Young was recorded in censuses, in 1881 as a wholesale stationer, age 26, born Sydenham, son of a solicitor, Thomas Young, and in 1901 as a dealer in artists’ materials, age 46, wife Florence age 46, with two young daughters and a son. Young made claims for his business as having been established in 1826, according to an advertisement in the literature of Madderton & Co Ltd (qv), featuring Roché’s pastels among other products; he acted as an agent for Madderton’s Cambridge colours, 1897. He also sold Lefranc’s panels and canvases (trade catalogue, 1894, see Katlan 1992 p.269). He published J.G. Vibert’s The Science of Painting, 1892, and Jacques Blockx’s A Compendium of Painting, 1894. He had an account with Roberson, 1881-1908 (Woodcock 1997). In 1885 Young claimed to be ‘In direct Communication with six of the principal Continental Artists’ Material Manufactories’ (The Year's Art 1885), as well as selling Roberson’s oil colours and Winsor & Newton oil and watercolours and canvas. He stocked materials from Blockx (qv), 1892-1920.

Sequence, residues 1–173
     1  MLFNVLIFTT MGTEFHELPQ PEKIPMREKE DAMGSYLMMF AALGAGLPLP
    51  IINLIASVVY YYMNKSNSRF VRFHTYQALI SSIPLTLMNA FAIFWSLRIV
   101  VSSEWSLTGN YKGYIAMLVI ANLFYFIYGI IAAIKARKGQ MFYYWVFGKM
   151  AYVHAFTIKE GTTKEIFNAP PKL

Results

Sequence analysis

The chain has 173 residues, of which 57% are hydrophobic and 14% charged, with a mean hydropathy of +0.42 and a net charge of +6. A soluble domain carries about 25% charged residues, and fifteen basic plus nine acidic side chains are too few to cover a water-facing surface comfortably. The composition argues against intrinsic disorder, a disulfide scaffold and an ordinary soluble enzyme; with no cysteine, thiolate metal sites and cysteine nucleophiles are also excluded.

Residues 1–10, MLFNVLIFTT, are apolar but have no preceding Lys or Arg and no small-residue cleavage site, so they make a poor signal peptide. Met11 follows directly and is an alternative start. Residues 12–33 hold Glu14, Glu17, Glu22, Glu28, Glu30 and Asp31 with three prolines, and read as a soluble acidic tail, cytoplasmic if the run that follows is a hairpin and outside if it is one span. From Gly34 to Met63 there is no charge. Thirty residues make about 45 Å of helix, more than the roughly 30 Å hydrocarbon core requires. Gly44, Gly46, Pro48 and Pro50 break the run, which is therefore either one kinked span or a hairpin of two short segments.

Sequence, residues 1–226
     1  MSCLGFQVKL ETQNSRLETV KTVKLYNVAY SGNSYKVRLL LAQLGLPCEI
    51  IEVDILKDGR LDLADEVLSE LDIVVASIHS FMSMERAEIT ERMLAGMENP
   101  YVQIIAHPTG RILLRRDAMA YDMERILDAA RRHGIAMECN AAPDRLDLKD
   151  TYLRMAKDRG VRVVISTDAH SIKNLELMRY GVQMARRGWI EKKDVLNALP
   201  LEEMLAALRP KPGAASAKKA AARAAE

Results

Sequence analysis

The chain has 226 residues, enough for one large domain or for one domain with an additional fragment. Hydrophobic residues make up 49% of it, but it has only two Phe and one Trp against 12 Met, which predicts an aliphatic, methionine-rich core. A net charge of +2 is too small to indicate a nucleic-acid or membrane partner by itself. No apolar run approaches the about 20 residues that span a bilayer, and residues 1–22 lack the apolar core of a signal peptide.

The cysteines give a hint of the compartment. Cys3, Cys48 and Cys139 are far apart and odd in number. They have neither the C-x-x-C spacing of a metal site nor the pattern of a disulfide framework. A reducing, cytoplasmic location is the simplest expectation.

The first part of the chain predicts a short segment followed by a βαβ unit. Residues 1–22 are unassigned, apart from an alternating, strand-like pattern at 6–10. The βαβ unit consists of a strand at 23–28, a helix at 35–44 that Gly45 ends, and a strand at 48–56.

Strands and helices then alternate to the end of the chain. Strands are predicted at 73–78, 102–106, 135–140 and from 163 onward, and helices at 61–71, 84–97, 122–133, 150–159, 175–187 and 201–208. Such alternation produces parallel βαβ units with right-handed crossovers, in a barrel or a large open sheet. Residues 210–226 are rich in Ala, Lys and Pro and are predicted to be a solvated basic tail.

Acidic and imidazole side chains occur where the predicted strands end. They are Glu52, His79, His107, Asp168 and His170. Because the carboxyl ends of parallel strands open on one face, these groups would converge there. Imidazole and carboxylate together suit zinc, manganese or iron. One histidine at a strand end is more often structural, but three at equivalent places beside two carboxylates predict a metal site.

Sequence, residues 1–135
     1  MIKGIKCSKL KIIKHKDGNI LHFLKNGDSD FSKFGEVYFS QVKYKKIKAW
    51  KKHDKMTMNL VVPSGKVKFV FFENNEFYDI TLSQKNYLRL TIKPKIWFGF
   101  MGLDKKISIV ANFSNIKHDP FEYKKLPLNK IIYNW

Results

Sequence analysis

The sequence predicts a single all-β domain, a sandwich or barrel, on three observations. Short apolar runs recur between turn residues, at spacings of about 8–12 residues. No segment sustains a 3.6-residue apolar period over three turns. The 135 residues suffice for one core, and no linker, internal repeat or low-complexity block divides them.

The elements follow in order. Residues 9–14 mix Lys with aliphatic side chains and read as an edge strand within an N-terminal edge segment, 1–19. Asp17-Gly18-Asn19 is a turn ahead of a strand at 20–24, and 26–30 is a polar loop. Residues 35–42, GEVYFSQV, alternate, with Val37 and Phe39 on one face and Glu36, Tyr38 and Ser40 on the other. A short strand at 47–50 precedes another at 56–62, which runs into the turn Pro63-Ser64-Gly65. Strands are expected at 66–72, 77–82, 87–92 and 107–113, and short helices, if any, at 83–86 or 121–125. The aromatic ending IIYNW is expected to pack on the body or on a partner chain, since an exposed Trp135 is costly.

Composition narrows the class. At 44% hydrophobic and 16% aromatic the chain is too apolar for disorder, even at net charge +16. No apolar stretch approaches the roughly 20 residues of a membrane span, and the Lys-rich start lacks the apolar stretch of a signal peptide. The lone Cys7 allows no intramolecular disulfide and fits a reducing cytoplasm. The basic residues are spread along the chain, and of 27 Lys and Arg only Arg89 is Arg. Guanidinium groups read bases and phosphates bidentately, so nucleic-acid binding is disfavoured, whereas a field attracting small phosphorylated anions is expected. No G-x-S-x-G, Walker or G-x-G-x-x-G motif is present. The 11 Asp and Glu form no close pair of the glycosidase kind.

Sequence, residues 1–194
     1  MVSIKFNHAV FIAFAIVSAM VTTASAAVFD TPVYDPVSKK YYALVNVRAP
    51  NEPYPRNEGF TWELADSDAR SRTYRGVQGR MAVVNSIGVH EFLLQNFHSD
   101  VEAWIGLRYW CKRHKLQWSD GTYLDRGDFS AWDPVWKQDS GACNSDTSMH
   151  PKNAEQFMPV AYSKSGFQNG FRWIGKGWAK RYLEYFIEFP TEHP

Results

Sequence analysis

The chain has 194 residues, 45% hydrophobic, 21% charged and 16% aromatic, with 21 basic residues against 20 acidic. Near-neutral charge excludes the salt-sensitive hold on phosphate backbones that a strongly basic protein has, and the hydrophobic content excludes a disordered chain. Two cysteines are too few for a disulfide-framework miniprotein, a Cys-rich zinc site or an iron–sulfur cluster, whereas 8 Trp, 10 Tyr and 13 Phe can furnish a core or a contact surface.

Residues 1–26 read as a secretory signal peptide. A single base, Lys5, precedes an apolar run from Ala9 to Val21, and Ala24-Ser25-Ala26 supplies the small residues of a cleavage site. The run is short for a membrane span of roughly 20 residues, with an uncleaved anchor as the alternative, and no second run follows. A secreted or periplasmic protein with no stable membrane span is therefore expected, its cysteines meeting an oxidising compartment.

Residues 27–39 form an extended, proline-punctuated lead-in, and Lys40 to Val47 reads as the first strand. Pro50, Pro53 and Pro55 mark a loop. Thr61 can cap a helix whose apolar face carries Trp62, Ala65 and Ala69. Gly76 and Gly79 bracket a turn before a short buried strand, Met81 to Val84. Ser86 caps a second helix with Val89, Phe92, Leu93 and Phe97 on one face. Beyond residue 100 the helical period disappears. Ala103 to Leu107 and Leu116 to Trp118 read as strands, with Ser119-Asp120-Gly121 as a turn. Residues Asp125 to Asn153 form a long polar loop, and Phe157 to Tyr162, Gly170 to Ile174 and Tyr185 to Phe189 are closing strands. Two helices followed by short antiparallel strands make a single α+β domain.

Canvas marks have been recorded from the 1880s onwards (information from Cathy Proudlove). Among Young’s customers was Gwen John in her early years, e.g., the canvas for her Self Portrait of 1902 (Tate, see Hackney 1999 pp.105, 205 n.9). Other canvases from the 1900s and subsequently include William Orpen’s George C. Beresford, c.1900, stamped: PERCY YOUNG,/ GOWER STREET,/ LONDON./ W.C. and his Night (no 2), 1907, impressed stretcher stamp: YOUNG/ 137 GOWER... (both National Gallery of Victoria), George Lambert’s Lotty and a Lady, 1906, stamped: PERCY YOUNG/ 137 GOWER STREET,/ LONDON/ WC (National Gallery of Victoria), H. Margaret Spanton’s Portrait of a Lady, c. 1900-10 (Dulwich Picture Gallery, see John Ingamells, Dulwich Picture Gallery. British, 2008, p.224), Walter Sickert’s La Hollandaise, c.1906, and L’Americaine, 1908, and Spencer Gore’s North London Girl, 1908/9, Mornington Crescent, 1911, Houghton Place, 1912, impressed stretcher stamp, The Cinder Path, 1912, impressed stretcher stamp, and The Artist’s Wife, 1913 (all Tate, see Morgan 2008 pp.134-5, see also ‘The Camden Town Group in Context’, research project, at www.tate.org.uk).